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petera Post time: 2013-3-28 18:50
You are obviously a corrupt propagandist.The book referred in my post has been written by ...
c. A collection of anecdotes is not data. Correlation does not prove cause. The data cited in this report were accumulated by stumbling across correlations of various illnesses or symptoms, regardless of whether such symptoms have ever been known to result from irradiation. Most have not. Recognizing that such post-hoc pattern-building is generally disparaged by scientists, the authors argue that in the Chernobyl situation, it is required. There is no attempt to replicate or peer-review the data. The need for statistical significance is specifically denied.
d. “Exposed to radiation” does not mean “injured,” though the report implies otherwise. All life-forms have been exposed to radiation, since the dawn of time. Table 1.9 of the report’s Chapter 2 shows the number of people “Suffering from Chernobyl Radioactive Contamination.” Heavily contaminated areas is 270,000; Outside Europe is 4,000,000,000. These four billion people are said to be suffering from a Chernobyl radiation dose of 0.025mSv. This is about 1% of the global average radiation background from all sources, and many people will casually take actions that increase their radiation dose a hundred times the Chernobyl dose, just from the everyday activities of living.
Marshall Brucer, “the father of nuclear medicine,” in his canonical “Chronology of Nuclear Medicine,” indicates how extensive this variation can be. On page 323, he lists various radiation background levels (with cosmic ray contribution removed) from New York City at 0.62mSv/year to SW France up to 87.6; to the potash fertilizer area in Florida up to 1,750. He notes, “If you live in one place on earth, your background may vary from day to day by a factor of ten, or even 100…The inside exposure rate can change by a factor of 10 within hours, just by opening windows.” He notes that building with brick, rather than wood, can nearly double your daily radiation dose, but that the radioactivity of bricks and concrete is also highly variable: from 0.05 to 4.93 mSv/hr for bricks, and from 0.29 to 2.54 for concretes. “A factor of 10 daily variation [in radioactivity] marks the diets of most people.” As to the specific isotopes unique to nuclear fission: despite statements to the contrary in the report, over 99% of those were put into the air by nuclear weapons tests, not the reactor.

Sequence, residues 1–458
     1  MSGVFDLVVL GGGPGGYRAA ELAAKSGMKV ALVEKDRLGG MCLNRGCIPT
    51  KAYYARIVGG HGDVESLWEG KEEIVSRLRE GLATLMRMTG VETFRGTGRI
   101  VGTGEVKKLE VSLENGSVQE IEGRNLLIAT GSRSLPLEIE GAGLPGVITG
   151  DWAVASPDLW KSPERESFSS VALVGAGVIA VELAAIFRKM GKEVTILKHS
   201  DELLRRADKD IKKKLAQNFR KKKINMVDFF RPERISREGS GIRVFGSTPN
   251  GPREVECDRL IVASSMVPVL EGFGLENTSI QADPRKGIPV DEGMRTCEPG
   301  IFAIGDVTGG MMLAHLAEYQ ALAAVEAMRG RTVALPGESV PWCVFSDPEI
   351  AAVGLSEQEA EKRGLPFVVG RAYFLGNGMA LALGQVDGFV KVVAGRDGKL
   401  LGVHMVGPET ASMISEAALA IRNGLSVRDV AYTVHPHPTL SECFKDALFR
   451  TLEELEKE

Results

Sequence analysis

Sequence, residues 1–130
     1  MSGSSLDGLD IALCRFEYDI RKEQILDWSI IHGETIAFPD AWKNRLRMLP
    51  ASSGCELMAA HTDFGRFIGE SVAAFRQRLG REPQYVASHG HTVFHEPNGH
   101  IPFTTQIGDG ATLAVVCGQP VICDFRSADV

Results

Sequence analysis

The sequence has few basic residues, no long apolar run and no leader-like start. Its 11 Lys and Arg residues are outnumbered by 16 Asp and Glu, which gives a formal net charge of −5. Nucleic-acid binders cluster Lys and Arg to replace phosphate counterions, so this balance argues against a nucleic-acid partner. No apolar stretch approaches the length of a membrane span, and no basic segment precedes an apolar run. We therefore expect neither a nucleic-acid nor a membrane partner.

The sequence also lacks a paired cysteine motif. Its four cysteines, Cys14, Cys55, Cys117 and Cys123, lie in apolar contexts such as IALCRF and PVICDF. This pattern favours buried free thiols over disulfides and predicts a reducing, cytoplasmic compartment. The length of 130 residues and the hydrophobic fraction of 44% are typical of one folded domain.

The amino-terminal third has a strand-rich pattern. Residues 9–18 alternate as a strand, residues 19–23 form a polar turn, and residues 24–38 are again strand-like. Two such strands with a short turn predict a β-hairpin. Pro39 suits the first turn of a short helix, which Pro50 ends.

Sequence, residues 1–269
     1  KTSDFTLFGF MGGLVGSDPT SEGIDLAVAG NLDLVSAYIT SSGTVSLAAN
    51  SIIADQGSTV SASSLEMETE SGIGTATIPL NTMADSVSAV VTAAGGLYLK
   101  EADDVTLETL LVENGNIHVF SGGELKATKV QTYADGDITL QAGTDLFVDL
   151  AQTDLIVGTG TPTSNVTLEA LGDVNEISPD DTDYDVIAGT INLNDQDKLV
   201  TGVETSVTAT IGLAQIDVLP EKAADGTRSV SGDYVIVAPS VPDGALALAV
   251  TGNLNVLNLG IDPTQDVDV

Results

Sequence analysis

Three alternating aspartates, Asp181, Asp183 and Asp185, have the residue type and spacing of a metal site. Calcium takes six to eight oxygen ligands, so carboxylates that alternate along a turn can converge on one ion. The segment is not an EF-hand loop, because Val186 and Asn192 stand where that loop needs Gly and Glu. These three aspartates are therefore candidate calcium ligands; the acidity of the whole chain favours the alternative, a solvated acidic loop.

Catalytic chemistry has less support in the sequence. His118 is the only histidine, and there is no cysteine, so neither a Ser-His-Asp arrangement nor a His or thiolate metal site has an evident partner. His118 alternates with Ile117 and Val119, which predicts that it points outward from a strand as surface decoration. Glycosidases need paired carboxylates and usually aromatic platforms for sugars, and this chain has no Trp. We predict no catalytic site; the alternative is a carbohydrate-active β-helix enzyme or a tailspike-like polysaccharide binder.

The authors’ theory of radiation damage is bizarre. “One physical analogy can illustrate the importance of even the smallest load of radioactivity: only a few drops of water added to a glass filled to the brim are needed to initiate a flow. The same few drops can initiate the same overflow when it is a barrel.” [TR note: No, it doesn’t. Just try it. The water will not run up and over the sides of a glass or a barrel.]
“…we simply do not know when only a small amount of additional Chernobyl radiation will cause an overflow of damage and irreversible change in the health of humans and in nature” No evidence is offered to support this unorthodox theory of radiation damage.
One other factor makes the tiny Chernobyl dose appear to be so significant–the statistical magic of small numbers. Cluster analysis has been made notorious by Sternglass, Wing, et al. They look at the cancer rate in counties surrounding, say, a nuclear facility. They are shocked to find that about half the counties are above average. (This is not Lake Woebegone, where all the children are above average.) Asked about the other half, they say these are not of interest; those people are just lucky. If the average annual rate of cancer deaths in the counties of this study is, for example, 10, then suppose one of that 10 moves to an adjacent county. That raises the death rate for the new county to 11, and lowers the old county to 9 – a 20% difference! If, instead of 10, the average is hundreds, or thousands; do they then lose the magic of small numbers? Not at all. They can then break the data down into particular types of cancers, and/or age groups or other categories of individuals. The possibilities are endless. And it’s all bad science.
Being the publisher of this book dishonors the Academy. If we continue to publish it, we are saying that it is a work that the Academy believes worthy of attention by busy scientists. Why else would we publish it?
There is no shame in reversing course when the facts advise it. This is best done quickly and decisively, with minimum publicity. Unfortunately, the latest move by Greenpeace has foreclosed on that option.